Zenith sees decline in global spend

By CLAIRE BEALE, campaignlive.co.uk, Friday, 10 July 1998 12:00AM

The growth in global advertising expenditure has peaked, hitting USdollars 289 billion last year, and is expected to slow down over the next few years as the stricken Asian markets breed advertiser caution, according to forecasts from Zenith Media.

The growth in global advertising expenditure has peaked, hitting

USdollars 289 billion last year, and is expected to slow down over the

next few years as the stricken Asian markets breed advertiser caution,

according to forecasts from Zenith Media.



The figures show that 1997 was a sterling year for advertising around

the world and appears to mark the watershed of a four-year period of

exceptional growth.



Major-media expenditure rose by 8.3 per cent at current prices, the

biggest growth since the boom of the late 80s, but Zenith forecasts a

falling off of growth over the next three years.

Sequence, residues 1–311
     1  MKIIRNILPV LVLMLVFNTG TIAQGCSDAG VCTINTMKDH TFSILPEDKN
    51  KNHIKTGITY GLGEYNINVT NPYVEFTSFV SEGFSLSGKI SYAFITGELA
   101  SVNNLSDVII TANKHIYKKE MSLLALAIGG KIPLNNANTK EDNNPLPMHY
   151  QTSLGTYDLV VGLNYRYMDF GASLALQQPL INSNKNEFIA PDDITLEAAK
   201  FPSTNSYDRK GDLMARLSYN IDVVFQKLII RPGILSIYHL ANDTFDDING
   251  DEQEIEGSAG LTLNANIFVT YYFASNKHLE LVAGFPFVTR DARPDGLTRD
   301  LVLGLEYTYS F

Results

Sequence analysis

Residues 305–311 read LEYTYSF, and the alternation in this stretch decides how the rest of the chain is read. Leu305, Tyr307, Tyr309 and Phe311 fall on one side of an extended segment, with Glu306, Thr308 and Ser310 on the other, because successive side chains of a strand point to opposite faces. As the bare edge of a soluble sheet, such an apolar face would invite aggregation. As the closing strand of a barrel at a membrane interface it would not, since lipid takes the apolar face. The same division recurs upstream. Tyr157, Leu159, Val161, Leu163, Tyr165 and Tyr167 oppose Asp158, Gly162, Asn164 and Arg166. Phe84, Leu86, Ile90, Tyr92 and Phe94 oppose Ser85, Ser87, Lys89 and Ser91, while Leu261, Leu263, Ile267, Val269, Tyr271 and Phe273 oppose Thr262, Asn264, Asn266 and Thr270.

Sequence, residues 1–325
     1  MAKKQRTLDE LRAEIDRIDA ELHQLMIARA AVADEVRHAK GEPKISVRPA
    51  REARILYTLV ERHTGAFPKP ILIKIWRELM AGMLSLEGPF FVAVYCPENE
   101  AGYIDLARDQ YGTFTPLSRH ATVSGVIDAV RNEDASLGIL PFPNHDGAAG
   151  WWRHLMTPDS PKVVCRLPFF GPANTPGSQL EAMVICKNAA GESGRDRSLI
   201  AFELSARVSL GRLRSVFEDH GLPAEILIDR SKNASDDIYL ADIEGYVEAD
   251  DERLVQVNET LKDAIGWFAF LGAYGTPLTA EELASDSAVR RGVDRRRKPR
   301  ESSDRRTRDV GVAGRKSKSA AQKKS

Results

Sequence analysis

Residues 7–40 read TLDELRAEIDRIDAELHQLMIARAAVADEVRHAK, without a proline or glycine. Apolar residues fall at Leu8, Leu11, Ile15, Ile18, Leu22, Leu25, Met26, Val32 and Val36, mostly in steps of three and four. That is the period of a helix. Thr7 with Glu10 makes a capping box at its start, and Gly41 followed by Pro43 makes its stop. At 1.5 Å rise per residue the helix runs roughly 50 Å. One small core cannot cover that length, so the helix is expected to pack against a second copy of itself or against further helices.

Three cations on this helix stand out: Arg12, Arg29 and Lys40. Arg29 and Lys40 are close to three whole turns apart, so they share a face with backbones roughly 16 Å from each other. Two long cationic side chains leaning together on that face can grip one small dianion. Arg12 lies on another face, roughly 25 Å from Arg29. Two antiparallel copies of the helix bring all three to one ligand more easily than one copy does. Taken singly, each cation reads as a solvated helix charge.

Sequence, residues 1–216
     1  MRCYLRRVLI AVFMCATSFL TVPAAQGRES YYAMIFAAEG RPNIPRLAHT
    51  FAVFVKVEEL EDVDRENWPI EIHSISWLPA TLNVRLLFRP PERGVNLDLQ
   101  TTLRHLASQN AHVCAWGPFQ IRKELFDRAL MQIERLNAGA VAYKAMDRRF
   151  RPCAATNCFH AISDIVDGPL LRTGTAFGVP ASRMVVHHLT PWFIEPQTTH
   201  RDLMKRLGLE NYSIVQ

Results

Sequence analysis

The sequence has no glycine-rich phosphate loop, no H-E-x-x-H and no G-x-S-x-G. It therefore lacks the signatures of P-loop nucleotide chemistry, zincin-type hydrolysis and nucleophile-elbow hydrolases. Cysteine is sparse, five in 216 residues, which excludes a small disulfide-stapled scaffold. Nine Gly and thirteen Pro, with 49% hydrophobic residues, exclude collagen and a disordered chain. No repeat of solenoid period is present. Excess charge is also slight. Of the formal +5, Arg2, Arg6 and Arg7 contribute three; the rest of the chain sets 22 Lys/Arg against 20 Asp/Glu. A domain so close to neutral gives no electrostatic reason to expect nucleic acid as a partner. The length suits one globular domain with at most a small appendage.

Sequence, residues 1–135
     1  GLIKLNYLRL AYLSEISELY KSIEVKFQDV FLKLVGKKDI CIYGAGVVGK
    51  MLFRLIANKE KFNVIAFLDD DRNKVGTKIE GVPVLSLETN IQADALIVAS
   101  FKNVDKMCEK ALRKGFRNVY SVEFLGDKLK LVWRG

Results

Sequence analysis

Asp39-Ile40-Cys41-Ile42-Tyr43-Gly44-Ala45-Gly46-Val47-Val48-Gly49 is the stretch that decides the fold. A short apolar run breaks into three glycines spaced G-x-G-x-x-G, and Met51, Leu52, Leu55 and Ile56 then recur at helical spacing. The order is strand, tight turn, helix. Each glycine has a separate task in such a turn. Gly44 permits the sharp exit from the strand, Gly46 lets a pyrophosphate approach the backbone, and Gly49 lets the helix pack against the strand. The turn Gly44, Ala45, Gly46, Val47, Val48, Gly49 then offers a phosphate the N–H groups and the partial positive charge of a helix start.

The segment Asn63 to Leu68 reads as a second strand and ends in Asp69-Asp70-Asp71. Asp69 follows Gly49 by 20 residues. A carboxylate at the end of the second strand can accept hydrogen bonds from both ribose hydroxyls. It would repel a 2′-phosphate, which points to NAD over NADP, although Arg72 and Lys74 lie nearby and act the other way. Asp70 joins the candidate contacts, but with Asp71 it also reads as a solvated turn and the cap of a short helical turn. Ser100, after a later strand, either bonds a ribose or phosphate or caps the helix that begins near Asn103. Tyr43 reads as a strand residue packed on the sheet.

Global advertising spend is set to hit USdollars 303 billion this year,

USdollars 320 billion in 1999 and USdollars 339 billion in 2000.



However, the 1997 devaluations in Asia are dragging down adspend as

several economies slip into recession and ad expenditure for the region

is set to drop by 3 per cent this year, underperforming Europe for the

first time since Zenith began reporting global advertising expenditure

in 1985.



Although most Asian markets are expected to recover by 1999, Japanese ad

expenditure is forecast to fall every year until at least 2000. Japan

accounted for around 13 per cent of global adspend last year and its

decline will depress worldwide growth.



Adam Smith, Zenith’s publications director, said that Europe and the US

had so far suffered little from the Asian downturn, which has, in fact,

limited prices and allowed consumption and hence ad expenditure to rise

more rapidly.



’In 1997, ad expenditure rose in real terms by 4.1 per cent in North

America and by 4.3 per cent in Europe; by 2000 we think real annual

growth rates will have slowed to 2.5 per cent and 1.6 per cent

respectively,’ Smith added.



This article was first published on campaignlive.co.uk

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